Is STEM still a four letter word for women?

imgresI can’t help but look back at my own education when it comes to Science, Technology, Engineering and Math (STEM).  I was asked by Ravishly to write something about the question is STEM still a four letter word for women.  Here are my thoughts.

My parents were definitely not concerned or particularly interested in my education.  They trusted that I would just figure it out.  I was smart and I had to find my own way.  Not exactly what I would recommend as a parent myself but I had no choice.

I was always good at Math and actually enjoyed Science.  The apple did not fall from the tree so in many ways it is not shocking that I gravitated towards both of those subjects in 7th grade because they came easy.  My education at this point had not exactly been geared towards anything.  I spent both 5th and 6th grade at an elementary school that was trying out a new type of education.  It was based on pods.  There were a group of teachers so there was little structure if any.  Projects were set up around the open space for self-starters.  I was always a self-starter who could figure a way to get around anything so I became the tether ball and spit (card game) champion.  I basically ignored all other learning activities and so when I did get to 7th grade, in a typical junior high school structured environment I did not even know what a verb or noun was.  I kid you not.  The school separated me from the English class I was in and put me in a room of below average thinkers.  It took me about one month to crawl my way out and then I was moved into the smartest English class although I still suffered (and still do) for lack of that English training.

In Science and Math I excelled.  I was noted as the top science student in 7th grade and was sent with all the 8th and 9th graders to spend a day at the National Science event in DC.  It was a pretty big deal.  In Math I just flew through the work and loved it.  Fast forward, nobody at home really gave me pats on the back for this and by 9th grade I was lucky if I made it to Science class.  Math was always a slam dunk and I enjoyed it.   I remember taking a short course on computer programming (part of the math curriculum) and thinking this is so cool but there were just a few geeky guys who took over and I just let it go at that. By the time I got to high school I was concentrating on juggling three jobs which I took to easily.  I owned them, I made money and it gave me purpose.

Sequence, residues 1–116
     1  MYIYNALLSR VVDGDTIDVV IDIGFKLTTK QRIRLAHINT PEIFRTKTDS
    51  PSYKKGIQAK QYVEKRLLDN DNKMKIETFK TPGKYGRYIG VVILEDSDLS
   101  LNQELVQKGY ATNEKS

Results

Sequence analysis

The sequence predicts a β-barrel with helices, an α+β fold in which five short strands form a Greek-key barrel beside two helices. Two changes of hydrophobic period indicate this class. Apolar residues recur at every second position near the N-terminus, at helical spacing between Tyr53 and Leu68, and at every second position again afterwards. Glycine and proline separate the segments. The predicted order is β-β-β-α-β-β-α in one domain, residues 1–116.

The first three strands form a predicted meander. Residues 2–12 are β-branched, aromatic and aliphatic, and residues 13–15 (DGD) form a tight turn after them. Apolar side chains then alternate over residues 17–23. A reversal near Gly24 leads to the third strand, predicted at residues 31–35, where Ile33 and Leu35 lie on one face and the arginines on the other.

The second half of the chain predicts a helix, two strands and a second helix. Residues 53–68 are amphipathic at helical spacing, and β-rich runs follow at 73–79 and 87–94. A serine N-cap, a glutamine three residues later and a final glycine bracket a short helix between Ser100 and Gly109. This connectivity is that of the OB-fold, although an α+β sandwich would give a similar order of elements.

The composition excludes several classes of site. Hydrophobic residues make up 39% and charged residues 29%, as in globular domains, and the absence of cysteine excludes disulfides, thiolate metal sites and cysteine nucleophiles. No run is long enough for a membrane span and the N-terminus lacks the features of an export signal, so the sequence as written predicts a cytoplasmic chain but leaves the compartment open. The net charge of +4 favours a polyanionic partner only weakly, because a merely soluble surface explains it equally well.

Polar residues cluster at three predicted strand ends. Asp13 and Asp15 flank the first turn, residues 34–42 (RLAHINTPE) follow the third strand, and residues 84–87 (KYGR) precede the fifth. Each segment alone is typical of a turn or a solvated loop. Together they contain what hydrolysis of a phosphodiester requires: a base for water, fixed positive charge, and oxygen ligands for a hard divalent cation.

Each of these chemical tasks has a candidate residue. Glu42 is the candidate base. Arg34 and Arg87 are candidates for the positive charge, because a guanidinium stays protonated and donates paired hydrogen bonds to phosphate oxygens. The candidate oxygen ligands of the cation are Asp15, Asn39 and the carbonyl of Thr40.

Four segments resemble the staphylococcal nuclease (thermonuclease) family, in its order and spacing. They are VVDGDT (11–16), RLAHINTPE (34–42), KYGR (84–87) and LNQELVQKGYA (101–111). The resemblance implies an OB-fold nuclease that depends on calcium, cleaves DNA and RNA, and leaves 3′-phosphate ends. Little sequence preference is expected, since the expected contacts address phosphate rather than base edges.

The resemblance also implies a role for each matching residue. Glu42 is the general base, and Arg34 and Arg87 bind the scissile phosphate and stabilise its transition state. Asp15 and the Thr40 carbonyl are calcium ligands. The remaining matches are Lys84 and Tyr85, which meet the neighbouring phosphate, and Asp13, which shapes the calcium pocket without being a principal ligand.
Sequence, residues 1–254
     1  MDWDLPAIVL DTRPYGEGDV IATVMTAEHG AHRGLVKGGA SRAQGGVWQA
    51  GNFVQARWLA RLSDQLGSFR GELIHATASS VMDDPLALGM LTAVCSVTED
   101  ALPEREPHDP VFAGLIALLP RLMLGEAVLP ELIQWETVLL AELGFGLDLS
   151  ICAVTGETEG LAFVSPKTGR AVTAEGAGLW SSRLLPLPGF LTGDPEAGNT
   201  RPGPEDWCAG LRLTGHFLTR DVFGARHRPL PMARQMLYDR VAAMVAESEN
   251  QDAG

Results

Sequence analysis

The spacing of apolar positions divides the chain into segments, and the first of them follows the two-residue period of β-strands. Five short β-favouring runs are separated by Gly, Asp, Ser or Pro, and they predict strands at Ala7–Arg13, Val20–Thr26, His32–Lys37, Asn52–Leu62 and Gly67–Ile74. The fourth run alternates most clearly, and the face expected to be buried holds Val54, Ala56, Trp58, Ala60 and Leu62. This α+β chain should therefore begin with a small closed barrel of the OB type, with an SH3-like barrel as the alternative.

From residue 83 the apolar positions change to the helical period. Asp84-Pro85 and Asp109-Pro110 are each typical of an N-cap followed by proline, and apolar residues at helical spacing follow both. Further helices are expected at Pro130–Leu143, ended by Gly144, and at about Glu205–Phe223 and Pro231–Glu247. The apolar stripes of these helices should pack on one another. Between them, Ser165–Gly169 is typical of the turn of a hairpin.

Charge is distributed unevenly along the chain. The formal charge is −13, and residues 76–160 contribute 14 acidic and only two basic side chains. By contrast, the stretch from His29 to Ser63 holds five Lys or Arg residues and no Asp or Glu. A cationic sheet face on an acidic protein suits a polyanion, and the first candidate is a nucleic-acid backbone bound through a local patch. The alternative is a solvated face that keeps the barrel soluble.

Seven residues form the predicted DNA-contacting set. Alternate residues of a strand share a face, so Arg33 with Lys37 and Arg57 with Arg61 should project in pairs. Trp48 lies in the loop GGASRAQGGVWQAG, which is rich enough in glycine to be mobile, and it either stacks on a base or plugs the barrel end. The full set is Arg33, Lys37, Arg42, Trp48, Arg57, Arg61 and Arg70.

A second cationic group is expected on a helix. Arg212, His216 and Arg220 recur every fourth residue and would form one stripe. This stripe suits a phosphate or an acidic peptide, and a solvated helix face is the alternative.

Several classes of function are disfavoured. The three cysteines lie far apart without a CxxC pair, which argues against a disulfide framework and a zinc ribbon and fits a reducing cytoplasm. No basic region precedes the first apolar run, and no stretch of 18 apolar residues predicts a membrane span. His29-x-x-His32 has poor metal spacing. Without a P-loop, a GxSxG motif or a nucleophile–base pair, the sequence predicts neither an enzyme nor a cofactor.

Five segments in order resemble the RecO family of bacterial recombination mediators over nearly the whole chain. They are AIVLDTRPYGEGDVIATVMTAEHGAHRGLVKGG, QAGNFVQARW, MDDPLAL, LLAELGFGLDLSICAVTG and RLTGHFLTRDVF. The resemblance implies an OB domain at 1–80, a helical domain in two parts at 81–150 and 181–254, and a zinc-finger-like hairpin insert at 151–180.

The rest of my high school education is pretty much a blur. Perhaps if I had a mentor or someone who took me under their wing when it came to Math and Science then things would have turned out differently.  I just did not see the importance of Math and Science at that point.  I was interested in business and business only.  I knew I had a head for it and it was a ticket to bigger things.

Kids k-12 these days understand the importance of learning technology.  I believe people should follow their passions.  I had a passion for Math but nobody set me in that direction.  Not so sure if I had a passion for anything except for making money than expanding my brain and with that my horizons.  I read books like a fiend but otherwise that was my own education.  I didn’t get much direction but eventually I figured it out.

We are seeing more organizations make sure that they become those mentors to young women through Girls Who Code, Black Girls Code, Girls Develop It, Skillcrush and Webgrrls just to name a few.  It is fantastic.

So, is STEM still a four letter word for women?  Absolutely not.  S can also be for seeing their future, T can be for the importance of understanding technology at any level, E can be the importance of education, end of story and M can be the importance of mastering the language of technology.

I still believe you have to have passion for it and if you do, stick with it because STEM levels the playing field and that is the key to a better future for women.